Oklahomans on call for hurricane disasters
Oklahoma Shelter Program was developed to support Louisiana with sheltering and mass care needs in case of a hurricane or other disaster that requires evacuation.
There is no shortage of experience among Oklahomans in dealing with disasters — including hurricanes.
Since 2009, Oklahomans participating through various agencies have been ready to go to Louisiana to help in that state with evacuees if a hurricane approached the coastal state.
It's time again to stand by, with June marking the start of the North Atlantic hurricane season. But why a road trip? Why not stay at home and bring those affected in Louisiana to Oklahoma?
With Hurricane Katrina, and later with Hurricane Gustav, evacuees from Louisiana came to Oklahoma. With Katrina, they were sheltered at Camp Gruber in eastern Oklahoma, and, with Gustav, they were taken to the former Lucent Technologies plant in Oklahoma City.
However, if mass evacuations were needed now in Louisiana because of approaching hurricanes, emergency management and other disaster response officials from Oklahoma could be called upon to operate a shelter in Shreveport.
Under the Oklahoma Shelter Program, a project created by Oklahoma Emergency Management, 150 Oklahomans would be sent in the first wave, with another 150 rotated in and out as needed. Oklahoma's role is to have a plan in place, including equipment and trained personnel ready to activate when necessary to operate a large shelter for several hundred guests or more. This program was developed to support Louisiana with their sheltering and mass care needs in case of a hurricane or other disaster that requires evacuation.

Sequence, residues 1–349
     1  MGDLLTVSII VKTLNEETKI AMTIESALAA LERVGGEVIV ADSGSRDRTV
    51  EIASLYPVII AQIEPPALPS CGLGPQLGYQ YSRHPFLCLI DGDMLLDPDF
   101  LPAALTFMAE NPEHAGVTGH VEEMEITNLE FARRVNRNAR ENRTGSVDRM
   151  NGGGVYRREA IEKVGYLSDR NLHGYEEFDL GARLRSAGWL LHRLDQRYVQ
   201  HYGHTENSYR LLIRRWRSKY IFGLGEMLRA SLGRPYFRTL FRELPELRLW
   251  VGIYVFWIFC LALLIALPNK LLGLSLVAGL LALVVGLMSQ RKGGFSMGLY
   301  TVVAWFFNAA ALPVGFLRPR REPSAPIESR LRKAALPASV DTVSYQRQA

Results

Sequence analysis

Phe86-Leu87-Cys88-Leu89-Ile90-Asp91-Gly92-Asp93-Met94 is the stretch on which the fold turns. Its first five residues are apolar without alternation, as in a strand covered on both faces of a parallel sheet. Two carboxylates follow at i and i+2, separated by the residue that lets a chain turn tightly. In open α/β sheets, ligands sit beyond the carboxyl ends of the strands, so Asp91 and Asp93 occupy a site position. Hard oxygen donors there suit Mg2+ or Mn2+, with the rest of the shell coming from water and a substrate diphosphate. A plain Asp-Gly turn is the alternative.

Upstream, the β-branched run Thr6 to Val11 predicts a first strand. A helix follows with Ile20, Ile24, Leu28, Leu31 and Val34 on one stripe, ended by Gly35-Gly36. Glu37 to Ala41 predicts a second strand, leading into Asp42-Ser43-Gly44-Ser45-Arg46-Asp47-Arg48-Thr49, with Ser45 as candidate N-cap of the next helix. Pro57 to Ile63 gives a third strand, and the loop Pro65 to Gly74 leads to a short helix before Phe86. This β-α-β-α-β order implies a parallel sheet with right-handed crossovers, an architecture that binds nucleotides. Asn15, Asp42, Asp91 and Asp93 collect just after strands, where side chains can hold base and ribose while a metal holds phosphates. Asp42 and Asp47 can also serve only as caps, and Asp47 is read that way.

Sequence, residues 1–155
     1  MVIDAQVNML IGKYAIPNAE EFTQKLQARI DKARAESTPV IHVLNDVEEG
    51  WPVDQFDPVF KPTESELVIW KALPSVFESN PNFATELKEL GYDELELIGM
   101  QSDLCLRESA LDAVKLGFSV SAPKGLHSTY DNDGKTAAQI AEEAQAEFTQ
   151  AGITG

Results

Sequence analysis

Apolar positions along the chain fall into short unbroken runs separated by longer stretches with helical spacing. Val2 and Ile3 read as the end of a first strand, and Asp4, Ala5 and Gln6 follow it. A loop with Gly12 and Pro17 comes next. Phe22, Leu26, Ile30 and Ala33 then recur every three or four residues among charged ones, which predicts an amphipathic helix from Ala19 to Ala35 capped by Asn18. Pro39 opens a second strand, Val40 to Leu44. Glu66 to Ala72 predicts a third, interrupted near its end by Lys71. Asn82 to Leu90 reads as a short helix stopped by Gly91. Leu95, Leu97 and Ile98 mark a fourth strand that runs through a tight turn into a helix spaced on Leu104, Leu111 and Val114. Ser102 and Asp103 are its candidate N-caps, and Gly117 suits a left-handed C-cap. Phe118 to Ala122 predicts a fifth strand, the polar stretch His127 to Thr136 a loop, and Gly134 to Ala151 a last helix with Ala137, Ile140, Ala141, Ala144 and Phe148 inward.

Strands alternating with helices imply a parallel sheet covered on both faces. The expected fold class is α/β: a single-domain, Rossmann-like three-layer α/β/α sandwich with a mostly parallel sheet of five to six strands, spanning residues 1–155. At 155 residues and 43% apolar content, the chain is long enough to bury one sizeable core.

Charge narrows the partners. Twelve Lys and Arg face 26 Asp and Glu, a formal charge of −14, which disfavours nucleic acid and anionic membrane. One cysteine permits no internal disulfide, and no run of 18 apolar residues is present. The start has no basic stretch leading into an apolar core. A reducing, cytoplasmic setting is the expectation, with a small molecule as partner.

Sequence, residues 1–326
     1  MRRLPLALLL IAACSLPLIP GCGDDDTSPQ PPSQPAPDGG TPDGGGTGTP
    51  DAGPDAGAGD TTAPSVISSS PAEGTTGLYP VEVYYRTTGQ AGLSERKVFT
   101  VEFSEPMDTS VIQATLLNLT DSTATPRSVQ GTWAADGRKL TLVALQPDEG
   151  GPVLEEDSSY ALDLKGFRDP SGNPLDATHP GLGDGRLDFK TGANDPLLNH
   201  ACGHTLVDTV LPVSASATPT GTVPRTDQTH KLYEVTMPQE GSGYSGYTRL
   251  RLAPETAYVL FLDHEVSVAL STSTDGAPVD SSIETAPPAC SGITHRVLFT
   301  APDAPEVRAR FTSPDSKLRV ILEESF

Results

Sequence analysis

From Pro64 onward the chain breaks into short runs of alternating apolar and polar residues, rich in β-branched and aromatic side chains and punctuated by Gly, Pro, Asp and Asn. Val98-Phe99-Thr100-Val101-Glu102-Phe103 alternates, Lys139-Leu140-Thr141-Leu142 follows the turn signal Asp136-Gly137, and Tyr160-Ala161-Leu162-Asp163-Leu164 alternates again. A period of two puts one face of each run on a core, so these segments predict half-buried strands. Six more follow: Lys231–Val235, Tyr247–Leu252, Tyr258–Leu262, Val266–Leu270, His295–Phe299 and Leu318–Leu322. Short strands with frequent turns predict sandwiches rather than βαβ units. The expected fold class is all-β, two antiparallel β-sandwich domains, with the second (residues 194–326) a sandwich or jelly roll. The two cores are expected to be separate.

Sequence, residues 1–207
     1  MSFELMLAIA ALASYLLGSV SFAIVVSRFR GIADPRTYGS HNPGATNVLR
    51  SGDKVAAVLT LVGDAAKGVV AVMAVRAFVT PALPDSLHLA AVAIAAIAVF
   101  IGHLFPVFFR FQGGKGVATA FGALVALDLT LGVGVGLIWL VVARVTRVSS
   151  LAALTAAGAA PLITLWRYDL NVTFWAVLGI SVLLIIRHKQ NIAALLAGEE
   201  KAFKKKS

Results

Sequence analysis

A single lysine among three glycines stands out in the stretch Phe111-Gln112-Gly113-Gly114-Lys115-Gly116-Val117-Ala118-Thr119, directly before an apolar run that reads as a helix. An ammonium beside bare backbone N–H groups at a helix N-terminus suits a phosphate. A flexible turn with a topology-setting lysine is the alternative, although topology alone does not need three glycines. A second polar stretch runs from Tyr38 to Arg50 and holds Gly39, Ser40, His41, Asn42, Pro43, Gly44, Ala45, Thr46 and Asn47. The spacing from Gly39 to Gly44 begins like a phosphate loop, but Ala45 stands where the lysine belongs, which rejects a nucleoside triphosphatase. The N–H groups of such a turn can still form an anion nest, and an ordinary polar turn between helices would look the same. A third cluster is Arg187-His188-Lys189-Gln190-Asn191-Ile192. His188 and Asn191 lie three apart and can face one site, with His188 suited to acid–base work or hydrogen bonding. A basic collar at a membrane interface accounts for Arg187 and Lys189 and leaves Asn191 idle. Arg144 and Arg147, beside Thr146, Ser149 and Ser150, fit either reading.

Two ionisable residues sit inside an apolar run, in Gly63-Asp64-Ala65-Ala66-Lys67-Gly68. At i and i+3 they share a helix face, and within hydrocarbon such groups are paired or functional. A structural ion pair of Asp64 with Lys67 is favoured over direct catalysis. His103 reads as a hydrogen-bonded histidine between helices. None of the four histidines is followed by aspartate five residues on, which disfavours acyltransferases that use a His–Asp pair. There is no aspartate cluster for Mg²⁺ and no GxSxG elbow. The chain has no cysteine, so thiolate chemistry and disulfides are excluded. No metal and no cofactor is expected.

The idea emerged during a meeting looking back on Katrina and Gustav. Host states that had received evacuees attended. There was a common question: “Why are we moving people out of Louisiana when the entire state is not affected?”
“Evacuations and sheltering is often crucial during a hurricane and this program can make that process easier on those affected,” said Keli Cain, spokeswoman for Oklahoma Emergency Management.
“When people are asked to travel far from their homes to shelter, it places a hardship on those individuals and takes them out of their comfort zone with no way of knowing when they will be able to return.
“With this program, the goal is to keep people closer to home and make the evacuation process easier and less stressful during an already difficult time.”
Louisiana has had 57 hurricanes, including 20 major hurricanes on records dating back to 1851, according to the National Hurricane Center.
Louisiana confirmed they had shelter space, said Albert Ashwood, Oklahoma Emergency Management director.
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